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Anti-Irish racism includes persecution, discrimination, hatred or fear of the Irish as an ethnic or national group. It may be directed against Irelandmarker in general, those who identify as Irish, or Irish immigrants and their descendants in the diaspora, especially in the early days.

The term also applies to the religious persecution of Irish Catholics.

Anti-Irish sentiment contrasts with Hibernophilia.

Middle Ages

Negative English attitudes towards Irish culture and habits date as far back as the reign of Henry II and the Norman conquest of Ireland. In 1155 the Papacy purportedly issued the papal bull Laudabiliter which granted Henry II's request to subdue Ireland and the Irish Church:

(we) do hereby declare our will and pleasure, that, for the purpose of enlarging the borders of the Church, setting bounds to the progress of wickedness, reforming evil manners, planting virtue, and increasing the Christian religion


An early example is the chronicler Gerald of Wales, who visited the island in the company of Prince John. As a result of this he wrote Topographia Hibernia ("Topography of Ireland") and Expugnatio Hibernia ("Conquest of Ireland"), both of which remained in circulation for centuries afterwards. Ireland, in his view, was rich; but the Irish were backward and lazy;

They use their fields mostly for pasture.
Little is cultivated and even less is sown.
The problem here is not the quality of the soil but rather the lack of industry on the part of those who should cultivate it.
This laziness means that the different types of minerals with which hidden veins of the earth are full are neither mined nor exploited in any way.
They do not devote themselves to the manufacture of flax or wool, nor to the practice of any mechanical or mercantile act.
Dedicated only to leisure and laziness, this is a truly barbarous people.
They depend on their livelihood for animals and they live like animals.


Gerald was not atypical, and similar views may be found in the writings of William of Malmesbury and William of Newburgh. When it comes to Irish marital and sexual customs Gerald is even more biting, "This is a filthy people, wallowing in vice. They indulge in incest, for example in marrying - or rather debauching - the wives of their dead brothers." Even earlier than this Archbishop Anselm accused the Irish of wife swapping, "...exchanging their wives as freely as other men exchange their horses."

One will find these views echoed centuries later in the words of Sir Henry Sidney, twice Lord Deputy during the reign of Elizabeth I, and in those of Edmund Tremayne, his secretary. In Tremayne's view the Irish "commit whoredom, hold no wedlock, ravish, steal and commit all abomination without scruple of conscience." In A View of the Present State of Ireland, circulated in 1596 but not published until 1633, Edmund Spencer wrote "They are all papists by profession but in the same so blindingly and brutishly informed that you would rather think them atheists or infidels."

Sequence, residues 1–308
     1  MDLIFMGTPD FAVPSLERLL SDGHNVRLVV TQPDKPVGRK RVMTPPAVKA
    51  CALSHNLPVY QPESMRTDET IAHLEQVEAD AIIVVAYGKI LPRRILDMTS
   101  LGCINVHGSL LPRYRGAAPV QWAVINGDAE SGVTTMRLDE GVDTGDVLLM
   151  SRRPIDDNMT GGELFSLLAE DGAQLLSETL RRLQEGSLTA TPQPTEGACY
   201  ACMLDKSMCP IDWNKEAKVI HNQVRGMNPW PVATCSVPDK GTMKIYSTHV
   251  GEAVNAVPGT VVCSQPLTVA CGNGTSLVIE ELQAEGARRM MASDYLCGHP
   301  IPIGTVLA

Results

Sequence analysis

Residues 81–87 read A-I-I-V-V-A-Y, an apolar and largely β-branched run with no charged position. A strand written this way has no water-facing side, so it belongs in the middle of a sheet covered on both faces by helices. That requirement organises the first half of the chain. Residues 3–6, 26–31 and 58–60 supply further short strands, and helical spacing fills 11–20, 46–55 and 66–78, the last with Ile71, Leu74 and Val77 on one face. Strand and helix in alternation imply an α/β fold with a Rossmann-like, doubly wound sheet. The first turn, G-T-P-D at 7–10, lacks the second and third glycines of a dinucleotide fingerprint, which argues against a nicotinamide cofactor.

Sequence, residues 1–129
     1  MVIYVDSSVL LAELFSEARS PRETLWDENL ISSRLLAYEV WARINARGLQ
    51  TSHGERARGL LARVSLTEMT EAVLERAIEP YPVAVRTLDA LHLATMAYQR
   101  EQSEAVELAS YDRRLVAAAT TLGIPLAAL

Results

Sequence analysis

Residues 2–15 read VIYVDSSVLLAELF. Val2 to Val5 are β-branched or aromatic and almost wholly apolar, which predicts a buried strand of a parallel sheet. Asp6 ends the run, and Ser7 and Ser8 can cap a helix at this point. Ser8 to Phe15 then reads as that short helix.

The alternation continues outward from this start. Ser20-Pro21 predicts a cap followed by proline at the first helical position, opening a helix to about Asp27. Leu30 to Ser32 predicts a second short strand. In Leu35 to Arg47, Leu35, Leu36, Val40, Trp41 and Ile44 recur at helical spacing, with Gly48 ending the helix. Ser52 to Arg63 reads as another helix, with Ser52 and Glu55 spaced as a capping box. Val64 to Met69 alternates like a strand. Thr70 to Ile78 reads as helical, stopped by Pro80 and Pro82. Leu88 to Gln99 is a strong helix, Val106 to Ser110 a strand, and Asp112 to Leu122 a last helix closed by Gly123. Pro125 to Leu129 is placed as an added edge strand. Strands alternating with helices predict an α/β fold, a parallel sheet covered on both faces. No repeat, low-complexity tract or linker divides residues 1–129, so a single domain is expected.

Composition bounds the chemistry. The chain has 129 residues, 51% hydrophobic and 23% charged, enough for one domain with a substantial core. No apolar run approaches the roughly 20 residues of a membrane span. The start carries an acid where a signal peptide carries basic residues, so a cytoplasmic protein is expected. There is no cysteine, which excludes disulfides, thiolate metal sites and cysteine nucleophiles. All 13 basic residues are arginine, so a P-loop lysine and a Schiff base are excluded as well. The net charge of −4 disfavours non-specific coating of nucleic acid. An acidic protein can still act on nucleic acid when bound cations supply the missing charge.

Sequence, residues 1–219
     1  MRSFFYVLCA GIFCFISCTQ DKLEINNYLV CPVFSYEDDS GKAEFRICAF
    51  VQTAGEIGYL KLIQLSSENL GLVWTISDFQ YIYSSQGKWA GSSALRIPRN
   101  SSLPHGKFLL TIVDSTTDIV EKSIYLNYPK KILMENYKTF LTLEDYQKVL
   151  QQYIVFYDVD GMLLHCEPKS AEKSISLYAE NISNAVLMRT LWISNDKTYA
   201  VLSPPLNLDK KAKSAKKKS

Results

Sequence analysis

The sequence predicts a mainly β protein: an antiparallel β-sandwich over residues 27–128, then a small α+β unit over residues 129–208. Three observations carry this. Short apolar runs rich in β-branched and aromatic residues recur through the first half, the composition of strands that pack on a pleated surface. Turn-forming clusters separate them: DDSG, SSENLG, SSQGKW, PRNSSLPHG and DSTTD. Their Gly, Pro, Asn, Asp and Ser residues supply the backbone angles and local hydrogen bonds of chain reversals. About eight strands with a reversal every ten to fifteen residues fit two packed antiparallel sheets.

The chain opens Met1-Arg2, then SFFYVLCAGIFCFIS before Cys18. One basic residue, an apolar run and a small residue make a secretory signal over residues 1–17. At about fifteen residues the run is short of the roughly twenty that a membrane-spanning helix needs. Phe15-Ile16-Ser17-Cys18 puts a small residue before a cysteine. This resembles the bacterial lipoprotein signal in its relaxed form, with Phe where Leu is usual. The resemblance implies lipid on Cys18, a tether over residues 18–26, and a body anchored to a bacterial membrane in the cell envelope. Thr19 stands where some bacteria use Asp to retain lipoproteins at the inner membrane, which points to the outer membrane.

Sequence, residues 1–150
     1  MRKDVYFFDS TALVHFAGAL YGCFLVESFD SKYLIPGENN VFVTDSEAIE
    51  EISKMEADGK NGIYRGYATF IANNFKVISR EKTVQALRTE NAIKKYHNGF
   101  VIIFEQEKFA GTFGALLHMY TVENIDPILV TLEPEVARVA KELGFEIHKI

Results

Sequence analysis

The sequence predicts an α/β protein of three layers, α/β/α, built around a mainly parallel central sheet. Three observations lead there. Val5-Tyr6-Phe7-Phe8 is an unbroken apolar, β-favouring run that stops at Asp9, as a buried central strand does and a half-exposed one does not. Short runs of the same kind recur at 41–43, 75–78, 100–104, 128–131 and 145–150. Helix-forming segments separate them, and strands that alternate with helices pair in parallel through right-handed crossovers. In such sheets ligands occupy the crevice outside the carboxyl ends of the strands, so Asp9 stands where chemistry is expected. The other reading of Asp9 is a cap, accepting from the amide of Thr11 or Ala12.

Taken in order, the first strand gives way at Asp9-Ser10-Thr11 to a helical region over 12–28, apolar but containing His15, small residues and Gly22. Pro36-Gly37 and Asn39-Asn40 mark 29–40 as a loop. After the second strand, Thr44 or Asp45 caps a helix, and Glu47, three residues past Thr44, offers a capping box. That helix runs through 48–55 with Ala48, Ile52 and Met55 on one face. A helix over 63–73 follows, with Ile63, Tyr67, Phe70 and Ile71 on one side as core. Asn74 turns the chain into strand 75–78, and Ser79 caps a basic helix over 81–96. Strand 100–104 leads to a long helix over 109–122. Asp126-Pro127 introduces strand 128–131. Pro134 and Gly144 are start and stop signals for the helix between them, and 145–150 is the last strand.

This vision of the barbarous Irish, largely born out of a form of imperialist condescension, made its way into Laudabiliter, one of the most infamous documents in all of Irish History, by which Adrian IV, the only English Pope, granted Ireland to Henry II, "...to the end that the foul customs of that country may be abolished and the barbarous nation, Christian in name only, may through your care assume the beauty of good morals."

All and every method was to be used in this 'civilizing mission' over time. In 1305 when Piers Bermingham cut off the heads of thirty members of the O'Connor clan and sent them to Dublin he was awarded with a financial bonus. His action was also celebrated in verse. In 1317 one Irish chronicler was of the view that it was just as easy for an Englishman to kill an Irishman as he would a dog.

19th century

Anti-Irish racism in Victorian Britain and 19th century United States included the stereotyping of the Irish as alcoholics, and implications that they monopolized certain (usually low-paying) job markets. In addition, many Irish immigrants married recently free black slaves and were subject to a brutal discrimination. They were often called “white Negroes". Similar to other immigrant populations, they were sometimes accused of cronyism, and subjected to misrepresentations of their religious and cultural beliefs. The Irish were labelled as practicing Pagans and in that time (1800's), anyone not being a "Christian" in a traditional British sense was deemed "immoral" and "demonic". Catholics were particularly singled out, and indigenous folkloric and mythological beliefs and customs were ridiculed.Nineteenth century Protestant American "Nativist" prejudice against Irish Catholics reached a peak in the mid-1850s with the Know Nothing Movement, which tried to oust Catholics from public office. Much of the opposition came from Irish Protestants, as in the 1831 riots in Philadelphia, Pennsylvaniamarker. In rural areas in the 1830s riots broke out among rival labour teams from different parts of Ireland, and between Irish and "native" American work teams competing for construction jobs.